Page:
A Semi-Scottish Pudding

There are distinctly Scottish references in Whistler’s Mother’s cookbook, reminding us that she came of a Scottish family, and that Whistler still had aunts living in Scotland. When he was designing a menu this personal element emerges occasionally. Scotch broth, for instance, appears as ‘Potage écossais’ on 11 June 1877, and ‘Purée à l’Ecossaise’ on 6 December. ‘Pouding’ à l’Écossaise’ (Scotch pudding) was served several times: once on 29 January 1877 when the artist Matthew Robinson Elden and Rev. Frederick Kill Harford, Minor Canon of Westminster Abbey, a poet and hymn writer, were the proposed guests. On 2 July it rounded off a ten-course meal, so elaborate that one wonders how anyone could possibly have had room for pudding.

And then on 12 October 1877 it was served for a rather more intimate dinner with friends and family: Algernon Bertram Freeman-Mitford, diplomat, Secretary of the Office of Works, and collector; Charles Samuel Keene, etcher, cartoonist and illustrator; Charles Augustus (‘Owl’) Howell, entrepreneur; and William McNeill Whistler, physician, Whistler’s brother.


Potage aux tomates –

Merluche farin au four – 

Côtelettes de mouton – purée de navets –   

Poulet, sauce blanche –     

Pouding à l’Ecossaise –        

Petite patisserie –

Thus the menu consists of tomato soup, oven-baked dried cod, mutton cutlets, puréed turnips, chicken, white sauce, Scottish pudding, little pastries and coffee. Both the neeps and the pudding sound a distinctly Scottish note.

RECIPE: Pouding à l’Ecossaise

Now my family agrees that this implies a boiled pudding, possibly a ‘Cloutie Dumpling’, but it seems highly unlikely that this would have worked as part of a six course meal. A more refined but almost equally rich version is suggested by Escoffier, ‘Pouding au Pain à l’Ecossaise’ (translated as ‘Scotch Bread Pudding’, but as usual that sounds more enticing in French) and this I adapted.


Set the oven at 200 degrees C.

Butter a budding bowl and sprinkle it with breadcrumbs.

Boil a kettle of water. Now you are ready for the action.


Bring 1 litre (5/4 pint or 2 1/4 US cups) boiled milk just to the boil.

Sweeten it with 250g (4 ½ oz) sugar. (I keep a vanilla pod in the sugar, which provides sufficient vanilla flavour).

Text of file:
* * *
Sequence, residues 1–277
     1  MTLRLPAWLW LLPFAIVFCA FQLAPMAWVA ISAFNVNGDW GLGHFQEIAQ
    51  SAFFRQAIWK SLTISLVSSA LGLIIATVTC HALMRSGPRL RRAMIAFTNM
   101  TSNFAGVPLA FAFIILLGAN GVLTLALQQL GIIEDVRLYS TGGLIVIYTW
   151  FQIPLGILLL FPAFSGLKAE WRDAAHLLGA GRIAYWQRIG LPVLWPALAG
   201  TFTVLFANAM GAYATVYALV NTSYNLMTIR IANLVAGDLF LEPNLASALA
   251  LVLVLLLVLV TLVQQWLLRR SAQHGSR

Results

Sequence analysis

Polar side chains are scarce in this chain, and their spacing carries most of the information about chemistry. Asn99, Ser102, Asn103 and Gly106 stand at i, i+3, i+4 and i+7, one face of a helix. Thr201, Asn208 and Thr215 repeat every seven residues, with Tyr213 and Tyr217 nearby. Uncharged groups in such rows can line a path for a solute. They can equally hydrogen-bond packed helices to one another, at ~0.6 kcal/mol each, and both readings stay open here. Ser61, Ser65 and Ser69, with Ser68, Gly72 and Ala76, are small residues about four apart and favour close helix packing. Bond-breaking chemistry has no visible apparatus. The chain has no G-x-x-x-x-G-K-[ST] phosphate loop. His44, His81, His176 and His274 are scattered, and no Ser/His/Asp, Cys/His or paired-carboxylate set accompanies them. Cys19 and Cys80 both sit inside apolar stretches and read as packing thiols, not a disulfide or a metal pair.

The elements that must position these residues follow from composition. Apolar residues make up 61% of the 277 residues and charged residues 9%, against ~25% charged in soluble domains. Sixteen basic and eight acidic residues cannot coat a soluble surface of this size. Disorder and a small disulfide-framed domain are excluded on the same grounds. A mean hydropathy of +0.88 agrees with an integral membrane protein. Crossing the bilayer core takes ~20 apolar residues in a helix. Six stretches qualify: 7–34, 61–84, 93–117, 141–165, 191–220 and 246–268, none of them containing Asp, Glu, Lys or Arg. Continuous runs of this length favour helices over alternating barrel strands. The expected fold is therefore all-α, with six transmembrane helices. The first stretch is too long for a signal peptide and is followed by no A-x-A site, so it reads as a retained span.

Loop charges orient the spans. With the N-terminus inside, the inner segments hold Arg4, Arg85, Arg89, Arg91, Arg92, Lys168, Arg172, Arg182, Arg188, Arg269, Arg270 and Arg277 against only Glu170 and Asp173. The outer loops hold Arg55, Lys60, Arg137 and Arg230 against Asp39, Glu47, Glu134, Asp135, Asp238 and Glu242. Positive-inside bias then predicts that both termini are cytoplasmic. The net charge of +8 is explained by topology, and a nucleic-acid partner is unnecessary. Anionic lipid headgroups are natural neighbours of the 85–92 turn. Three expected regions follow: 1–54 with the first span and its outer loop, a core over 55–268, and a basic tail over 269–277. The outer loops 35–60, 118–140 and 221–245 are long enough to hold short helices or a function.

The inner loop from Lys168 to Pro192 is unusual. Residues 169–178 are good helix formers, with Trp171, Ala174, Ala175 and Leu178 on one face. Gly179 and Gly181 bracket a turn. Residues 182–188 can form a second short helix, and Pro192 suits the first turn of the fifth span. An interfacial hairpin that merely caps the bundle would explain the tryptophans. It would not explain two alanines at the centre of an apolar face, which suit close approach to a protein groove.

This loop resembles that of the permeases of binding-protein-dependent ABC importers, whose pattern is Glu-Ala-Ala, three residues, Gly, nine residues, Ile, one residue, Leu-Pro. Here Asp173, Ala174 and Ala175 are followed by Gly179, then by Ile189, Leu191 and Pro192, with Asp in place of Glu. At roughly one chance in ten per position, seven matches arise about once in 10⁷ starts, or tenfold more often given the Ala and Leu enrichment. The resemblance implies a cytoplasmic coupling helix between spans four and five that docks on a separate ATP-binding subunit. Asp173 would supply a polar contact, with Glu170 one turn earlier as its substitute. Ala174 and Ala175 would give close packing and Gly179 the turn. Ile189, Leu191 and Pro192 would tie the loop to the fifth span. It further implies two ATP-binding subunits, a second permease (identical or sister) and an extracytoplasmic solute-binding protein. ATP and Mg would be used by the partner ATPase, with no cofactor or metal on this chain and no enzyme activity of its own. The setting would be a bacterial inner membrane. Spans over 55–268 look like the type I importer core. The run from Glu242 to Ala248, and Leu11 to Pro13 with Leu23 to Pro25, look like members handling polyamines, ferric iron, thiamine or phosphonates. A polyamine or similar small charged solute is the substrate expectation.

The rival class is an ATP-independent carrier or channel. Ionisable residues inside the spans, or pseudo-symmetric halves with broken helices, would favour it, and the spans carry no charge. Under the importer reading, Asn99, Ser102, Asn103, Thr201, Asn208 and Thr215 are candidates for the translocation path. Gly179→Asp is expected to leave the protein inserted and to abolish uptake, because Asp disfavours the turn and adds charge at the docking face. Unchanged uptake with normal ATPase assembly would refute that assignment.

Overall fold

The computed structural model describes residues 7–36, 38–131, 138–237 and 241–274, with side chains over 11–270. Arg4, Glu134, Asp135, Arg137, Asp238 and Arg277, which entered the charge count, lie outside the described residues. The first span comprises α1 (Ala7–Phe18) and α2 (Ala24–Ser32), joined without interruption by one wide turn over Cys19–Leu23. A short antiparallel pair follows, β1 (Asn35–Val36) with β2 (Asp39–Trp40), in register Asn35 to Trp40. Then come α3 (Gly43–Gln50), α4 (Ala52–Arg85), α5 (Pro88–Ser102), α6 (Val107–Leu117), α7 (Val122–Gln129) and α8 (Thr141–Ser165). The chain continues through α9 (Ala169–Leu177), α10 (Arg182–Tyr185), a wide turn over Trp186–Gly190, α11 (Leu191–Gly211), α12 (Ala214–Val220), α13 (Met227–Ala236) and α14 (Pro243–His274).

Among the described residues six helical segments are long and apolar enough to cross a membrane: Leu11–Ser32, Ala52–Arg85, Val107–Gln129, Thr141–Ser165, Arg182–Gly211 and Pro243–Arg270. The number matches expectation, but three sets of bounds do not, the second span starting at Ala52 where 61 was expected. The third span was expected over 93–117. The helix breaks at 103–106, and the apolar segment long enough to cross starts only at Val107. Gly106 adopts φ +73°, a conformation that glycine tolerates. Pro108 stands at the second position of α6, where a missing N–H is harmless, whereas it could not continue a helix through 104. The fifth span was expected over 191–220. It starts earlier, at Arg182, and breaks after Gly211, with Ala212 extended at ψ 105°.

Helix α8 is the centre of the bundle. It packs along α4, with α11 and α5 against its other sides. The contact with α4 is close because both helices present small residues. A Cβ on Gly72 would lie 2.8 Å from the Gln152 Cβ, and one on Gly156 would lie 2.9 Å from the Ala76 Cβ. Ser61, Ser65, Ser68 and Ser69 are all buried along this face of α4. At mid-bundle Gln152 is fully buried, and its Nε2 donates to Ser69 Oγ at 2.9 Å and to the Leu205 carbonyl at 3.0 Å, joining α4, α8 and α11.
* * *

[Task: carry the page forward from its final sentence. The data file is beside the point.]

Soak 150 g (5 ½ oz) white breadcrumbs in the warm milk.

Either sieve this or (as I did) use the squisher to reduce it to a puree, not for too long : it might turn into glue.


Peel and finely chop an apple, or prepare a cup of another fruit (fresh raspberries are good). I added a few red-currants, and squeezed a wedge of lemon over it to stop the apple browning.


Separate three egg yolks from the whites.

With a fork, beat together 3 egg yolks and 2 whole eggs.

Mix the eggs and the fruit into the bread mixture.


Carefully fold in 2 stiffly beaten egg whites.

Pour the mixture into the pudding bowl. Cover it with well-buttered greaseproof paper. Spread a clean but old (not your best napkin) cotton cloth over the top, tie it firmly round the rim of the bowl with string. Hoist the corners of the cloth over the top out of the way.

Cook in a bain-marie in the oven. That is: fill the baking dish to a height of about 3 inches with boiling water. Please do not scald yourself. Place the bowl in the baking dish and put it in the oven. Bake/steam for two hours.

Take it out, inspect to make sure it is done (you can stab it with a skewer, which should emerge clean if the pudding is done). Run a sharp knife round the edge. Carefully place a serving dish over the top and up-end it. Hopefully it pops out neatly.

Serve with redcurrant sauce: I brought a cup-full of red currants, just covered in water, to the boil, and stirred in a couple of spoonfuls of sugar until it dissolved. You could add a glug of framboise (I think that is what is meant by ‘raspberry flavoured Redcurrant Sauce’).

The result? Delicious, remarkably delicate in taste, nicely set off by the sharper sauce.



Whistler Menu, 29th January 1877, 11th June 1877, 2nd July 1877, 12th October 1877, 6th December 1877, http://www.whistler.arts.gla.ac.uk/correspondence/ #6923, 6896,  6925, 6932, 6948

For all other sources please see the Bibliography.


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I am an artist and art historian, and my research is focussed on the work and life of James McNeill Whistler. Based in the School of Culture and Creative Arts, University of Glasgow, I am Director of the Whistler Paintings and Etchings Projects. These blogs are informal, and, I hope, interesting and even quirky discussions of individual works and events related to Whistler.

One thought on “A Semi-Scottish Pudding”

  1. That sounds and looks amazing! Although ‘hopefully it pops out neatly’ lacks conviction – but the final slice is terribly elegant!


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